The Hip disability and Osteoarthritis Outcome Score, Junior (HOOS JR.) and the Knee injury and Osteoarthritis Outcome Score, Junior (KOOS JR.) are new outcome reporting tools that were recently validated in 2015. They have been receiving a lot of interest from the orthopedic community as an efficient and reliable alternative to the longer Hip disability and Osteoarthritis Outcome Score (HOOS) and the Knee injury Osteoarthritis Outcome Score (KOOS) reporting tools.

The widely used HOOS and KOOS questionnaires which measure joint-specific pain and physical function contain 40 and 42 questions respectively. By contrast, the HOOS JR. has six questions and the KOOS JR. has seven.

The questions in the HOOS JR. and KOOS JR. are taken directly from their parent questionnaire and focus on the three categories of joint pain, stiffness and function in daily living instead of the five categories that the HOOS and KOOS focus on: pain, function in daily living, function in Sport and Recreation, other symptoms and knee-related Quality of Life.

The brevity of the HOOS and KOOS JR. survey allows for faster completion and greater patient engagement.

 

Strengths

The main advantage of the HOOS and KOOS JR. is its significantly shortened length. With a completion time of under 3 minutes, it is an attractive alternative to the longer HOOS/ KOOS reporting tool.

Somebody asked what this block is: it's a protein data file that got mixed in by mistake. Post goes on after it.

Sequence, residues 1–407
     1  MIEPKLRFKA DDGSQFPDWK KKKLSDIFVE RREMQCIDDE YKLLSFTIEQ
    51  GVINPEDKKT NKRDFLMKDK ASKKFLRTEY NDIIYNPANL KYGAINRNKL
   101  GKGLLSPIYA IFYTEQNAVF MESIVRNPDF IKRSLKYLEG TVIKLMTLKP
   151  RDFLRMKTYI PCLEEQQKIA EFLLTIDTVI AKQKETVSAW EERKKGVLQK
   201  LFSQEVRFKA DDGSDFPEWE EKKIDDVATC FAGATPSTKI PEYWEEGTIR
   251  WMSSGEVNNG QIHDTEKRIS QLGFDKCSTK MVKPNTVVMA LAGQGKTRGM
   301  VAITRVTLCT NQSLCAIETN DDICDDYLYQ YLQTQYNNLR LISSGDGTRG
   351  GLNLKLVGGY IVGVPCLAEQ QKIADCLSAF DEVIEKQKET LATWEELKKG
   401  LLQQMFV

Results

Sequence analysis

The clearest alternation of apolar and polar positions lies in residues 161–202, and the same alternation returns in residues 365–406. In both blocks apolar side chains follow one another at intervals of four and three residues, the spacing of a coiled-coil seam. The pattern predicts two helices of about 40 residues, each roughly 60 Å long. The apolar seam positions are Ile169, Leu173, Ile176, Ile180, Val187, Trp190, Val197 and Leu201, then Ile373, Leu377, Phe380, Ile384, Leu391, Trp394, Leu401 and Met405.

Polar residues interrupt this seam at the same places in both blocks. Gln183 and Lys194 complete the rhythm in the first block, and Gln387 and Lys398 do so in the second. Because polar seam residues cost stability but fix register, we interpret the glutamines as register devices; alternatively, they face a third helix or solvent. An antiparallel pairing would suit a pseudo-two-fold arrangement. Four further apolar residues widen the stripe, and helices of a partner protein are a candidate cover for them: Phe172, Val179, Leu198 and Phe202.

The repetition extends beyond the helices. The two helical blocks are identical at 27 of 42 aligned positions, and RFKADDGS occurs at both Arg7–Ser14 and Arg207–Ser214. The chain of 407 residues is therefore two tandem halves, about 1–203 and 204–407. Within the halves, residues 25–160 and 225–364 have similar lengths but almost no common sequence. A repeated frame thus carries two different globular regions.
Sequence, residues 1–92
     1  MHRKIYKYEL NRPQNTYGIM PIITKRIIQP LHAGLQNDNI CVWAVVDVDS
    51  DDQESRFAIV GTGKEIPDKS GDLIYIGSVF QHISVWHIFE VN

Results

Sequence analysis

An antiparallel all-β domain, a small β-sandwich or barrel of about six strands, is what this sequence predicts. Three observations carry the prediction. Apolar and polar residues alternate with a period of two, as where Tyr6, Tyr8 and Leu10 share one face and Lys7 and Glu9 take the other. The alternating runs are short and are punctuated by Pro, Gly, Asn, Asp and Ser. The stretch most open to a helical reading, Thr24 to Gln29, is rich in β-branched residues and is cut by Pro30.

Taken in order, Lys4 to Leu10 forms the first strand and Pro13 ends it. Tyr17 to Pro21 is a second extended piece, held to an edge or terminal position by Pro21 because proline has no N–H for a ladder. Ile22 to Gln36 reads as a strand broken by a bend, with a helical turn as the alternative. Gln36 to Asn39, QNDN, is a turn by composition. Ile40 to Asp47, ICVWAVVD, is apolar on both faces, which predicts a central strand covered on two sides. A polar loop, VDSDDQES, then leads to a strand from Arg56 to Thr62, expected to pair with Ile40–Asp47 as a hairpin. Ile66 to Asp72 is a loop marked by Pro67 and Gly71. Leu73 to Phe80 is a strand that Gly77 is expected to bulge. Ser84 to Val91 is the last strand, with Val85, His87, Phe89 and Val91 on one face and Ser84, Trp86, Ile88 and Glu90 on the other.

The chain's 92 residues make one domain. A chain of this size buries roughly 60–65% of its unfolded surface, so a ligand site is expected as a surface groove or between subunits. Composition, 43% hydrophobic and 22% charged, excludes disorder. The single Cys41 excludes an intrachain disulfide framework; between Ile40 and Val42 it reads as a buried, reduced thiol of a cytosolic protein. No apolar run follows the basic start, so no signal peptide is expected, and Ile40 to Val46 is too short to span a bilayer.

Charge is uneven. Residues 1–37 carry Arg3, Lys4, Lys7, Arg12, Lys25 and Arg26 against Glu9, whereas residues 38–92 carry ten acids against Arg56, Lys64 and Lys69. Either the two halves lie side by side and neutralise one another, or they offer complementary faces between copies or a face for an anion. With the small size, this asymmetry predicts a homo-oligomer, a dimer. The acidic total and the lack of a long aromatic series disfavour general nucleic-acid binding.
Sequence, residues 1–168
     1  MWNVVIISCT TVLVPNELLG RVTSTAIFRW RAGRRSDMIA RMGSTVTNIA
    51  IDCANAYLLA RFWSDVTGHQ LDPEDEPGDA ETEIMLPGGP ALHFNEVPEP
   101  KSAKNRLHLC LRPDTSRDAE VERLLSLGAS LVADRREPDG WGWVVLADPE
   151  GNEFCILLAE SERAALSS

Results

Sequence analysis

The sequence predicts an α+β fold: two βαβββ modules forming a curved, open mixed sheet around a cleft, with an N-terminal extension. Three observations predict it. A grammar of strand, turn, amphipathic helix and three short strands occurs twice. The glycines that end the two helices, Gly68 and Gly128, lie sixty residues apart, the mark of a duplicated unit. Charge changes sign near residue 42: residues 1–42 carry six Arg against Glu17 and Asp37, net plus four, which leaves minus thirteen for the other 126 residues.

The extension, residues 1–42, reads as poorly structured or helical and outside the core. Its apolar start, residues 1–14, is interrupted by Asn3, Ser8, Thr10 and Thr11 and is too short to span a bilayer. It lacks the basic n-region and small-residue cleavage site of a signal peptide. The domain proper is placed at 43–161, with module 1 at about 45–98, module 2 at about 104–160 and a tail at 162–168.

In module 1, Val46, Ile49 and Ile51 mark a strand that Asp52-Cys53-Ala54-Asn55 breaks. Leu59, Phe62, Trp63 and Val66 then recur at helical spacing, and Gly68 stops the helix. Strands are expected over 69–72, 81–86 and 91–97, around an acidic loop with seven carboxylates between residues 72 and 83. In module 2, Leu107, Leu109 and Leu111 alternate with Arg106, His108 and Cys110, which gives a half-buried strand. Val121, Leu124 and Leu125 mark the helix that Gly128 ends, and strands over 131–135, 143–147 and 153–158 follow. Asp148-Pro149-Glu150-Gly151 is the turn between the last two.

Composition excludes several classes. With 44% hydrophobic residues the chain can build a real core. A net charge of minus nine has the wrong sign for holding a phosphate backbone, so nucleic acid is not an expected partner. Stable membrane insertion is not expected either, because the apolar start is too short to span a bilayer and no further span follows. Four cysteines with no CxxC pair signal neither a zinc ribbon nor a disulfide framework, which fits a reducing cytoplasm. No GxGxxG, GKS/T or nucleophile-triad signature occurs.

The HOOS JR. and KOOS JR. have been validated by the HSS validation cohort and the FORCE-TJR registry. Internal consistency was found to be high for both the HOOS JR. and KOOS JR. and research suggested that there was near-perfect correlation with both the pain and activities of daily living/function domains of the full HOOS/KOOS and the WOMAC reporting tool (Spearman’s correlations 0.80-0.94).

Another advantage of the HOOS and KOOS JR. is that its scoring methodology is easier to apply than that of the HOOS/KOOS tool. In the new tools, patients rate each activity by indicating the amount of pain or disability they experience while carrying them out. Raw scores are added up (range 0-24 HOOS JR., range 0-28 KOOS JR.) and converted to an interval score (0-100) using an interval table. The interval score represents a patients total joint disability where 0 corresponds to total joint disability and 100 perfect joint health.

As a point of interest, at present no literature exists on whether a HOOS JR. or KOOS JR. outcome score can be derived from the score obtained in the full length HOOS and KOOS versions.

 

Weaknesses

As a newly validated outcome tool there is very little literature at present about the HOOS and KOOS JR. Over time further studies and research should help provide a more complete picture about the robustness, reliability and viability of the HOOS JR. and KOOS JR. as outcome reporting tools.

 

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